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A physicist's outreach for evolution


Writing in the July 2006 issue of Physics Today, Murray Peshkin describes his experiences in speaking to small groups -- "service clubs such as Rotary, high-school and college students of science and science journalism, a school-based community event, a League of Women Voters chapter, a Unitarian church, and a microscopy club" -- about science, religion, and evolution education. "The response to my talks has been almost uniformly positive," he reports.

Congratulations, evolution bloggers!


A brief story in Nature lists [Link broken] the top five science blogs -- "those written by working scientists covering scientific issues" -- by popularity, including P. Z. Myers's Pharyngula and the collectively authored The Panda's Thumb, both of which provide a wealth of information and commentary on the creationism/evolution debate.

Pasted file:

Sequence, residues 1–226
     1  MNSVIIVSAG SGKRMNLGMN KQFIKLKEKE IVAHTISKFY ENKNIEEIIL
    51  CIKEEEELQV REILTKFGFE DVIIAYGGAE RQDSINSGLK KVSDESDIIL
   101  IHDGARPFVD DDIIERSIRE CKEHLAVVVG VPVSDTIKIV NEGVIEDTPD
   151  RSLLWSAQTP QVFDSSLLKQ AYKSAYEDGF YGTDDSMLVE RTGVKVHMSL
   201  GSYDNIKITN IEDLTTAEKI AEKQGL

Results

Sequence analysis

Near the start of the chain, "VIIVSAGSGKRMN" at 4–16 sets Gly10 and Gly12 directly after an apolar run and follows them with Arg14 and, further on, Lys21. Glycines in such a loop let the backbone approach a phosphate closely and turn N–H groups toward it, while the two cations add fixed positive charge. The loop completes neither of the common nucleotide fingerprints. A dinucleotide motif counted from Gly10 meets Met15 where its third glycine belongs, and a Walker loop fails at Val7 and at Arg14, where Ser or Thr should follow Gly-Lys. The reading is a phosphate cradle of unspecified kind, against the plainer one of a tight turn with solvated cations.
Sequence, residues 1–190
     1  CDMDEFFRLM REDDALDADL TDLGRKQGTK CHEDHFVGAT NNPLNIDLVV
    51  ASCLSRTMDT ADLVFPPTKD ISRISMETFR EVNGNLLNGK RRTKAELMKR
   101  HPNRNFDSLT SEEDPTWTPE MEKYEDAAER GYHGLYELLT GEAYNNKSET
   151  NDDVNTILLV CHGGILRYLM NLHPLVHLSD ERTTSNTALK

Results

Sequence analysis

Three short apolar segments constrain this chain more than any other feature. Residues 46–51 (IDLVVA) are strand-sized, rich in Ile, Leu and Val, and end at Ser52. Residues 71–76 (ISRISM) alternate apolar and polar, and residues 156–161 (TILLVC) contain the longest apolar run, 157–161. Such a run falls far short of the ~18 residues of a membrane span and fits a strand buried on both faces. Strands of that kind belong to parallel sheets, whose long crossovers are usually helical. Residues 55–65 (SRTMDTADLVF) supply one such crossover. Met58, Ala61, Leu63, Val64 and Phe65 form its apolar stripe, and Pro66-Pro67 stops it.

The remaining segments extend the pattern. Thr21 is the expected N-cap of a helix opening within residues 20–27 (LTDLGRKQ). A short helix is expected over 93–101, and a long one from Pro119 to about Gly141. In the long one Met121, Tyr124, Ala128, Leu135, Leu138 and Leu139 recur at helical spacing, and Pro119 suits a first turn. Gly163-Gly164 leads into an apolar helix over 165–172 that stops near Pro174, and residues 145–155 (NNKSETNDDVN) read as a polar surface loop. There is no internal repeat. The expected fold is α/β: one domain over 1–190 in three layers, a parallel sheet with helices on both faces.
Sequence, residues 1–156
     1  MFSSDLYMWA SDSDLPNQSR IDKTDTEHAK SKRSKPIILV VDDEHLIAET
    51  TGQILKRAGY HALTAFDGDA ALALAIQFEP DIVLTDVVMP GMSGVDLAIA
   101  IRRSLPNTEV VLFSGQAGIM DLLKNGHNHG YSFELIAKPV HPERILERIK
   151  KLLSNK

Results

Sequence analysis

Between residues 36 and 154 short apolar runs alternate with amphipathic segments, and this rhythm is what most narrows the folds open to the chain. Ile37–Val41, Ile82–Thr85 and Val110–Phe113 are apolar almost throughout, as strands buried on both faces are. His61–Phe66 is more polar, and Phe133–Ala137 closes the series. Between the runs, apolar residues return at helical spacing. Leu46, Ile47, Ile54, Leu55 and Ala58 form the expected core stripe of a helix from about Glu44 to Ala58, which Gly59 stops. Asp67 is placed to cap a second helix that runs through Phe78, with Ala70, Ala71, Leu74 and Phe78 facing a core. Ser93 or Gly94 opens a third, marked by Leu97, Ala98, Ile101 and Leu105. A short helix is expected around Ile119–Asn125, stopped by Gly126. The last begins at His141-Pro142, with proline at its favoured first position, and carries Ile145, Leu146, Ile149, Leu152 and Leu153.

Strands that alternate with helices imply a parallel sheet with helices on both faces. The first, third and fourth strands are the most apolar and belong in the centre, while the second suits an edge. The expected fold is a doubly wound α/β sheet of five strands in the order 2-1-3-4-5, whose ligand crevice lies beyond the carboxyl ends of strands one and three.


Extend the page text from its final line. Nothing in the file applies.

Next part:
Rio Rancho School Board Amends Science Policy


On April 10, 2006 the school board in Rio Rancho, New Mexico, voted 4-1 to amend their Science Policy 401. According to an article in the April 11 issue of the Albuquerque Journal, the policy, adopted in August, 2005 by a 3-2 vote, had been strongly opposed by district science teachers and others because of wording which seemed to promote teaching intelligent design. A board member who has opposed the policy told the Journal that it was "...

Weakened version of Michigan antievolution bill progresses


Michigan's House Bill 5251 passed the House Education Committee by a vote of 15-2 on June 28, 2006, according to a report [Link broken] in the Saginaw News (June 29, 2006).

Respite in Oklahoma

No fewer than four antievolution bills were introduced in the Oklahoma legislature during its 2006 session: HB 2107 (encouraging the presentation of "the full range of scientific views" with regard to "biological or chemical origins of life"), HB 2526 (authorizing school districts to teach "intelligent design"), SB 1959 (encouraging the presentation of "the full range of scientific views"), and HCR 1043 (encouraging the state board of education and local school boards to ensure that students are able to "critically evaluate scientific theories including, but not limited to, the theory of evolution" with regard to "biological or chemical origins of life").

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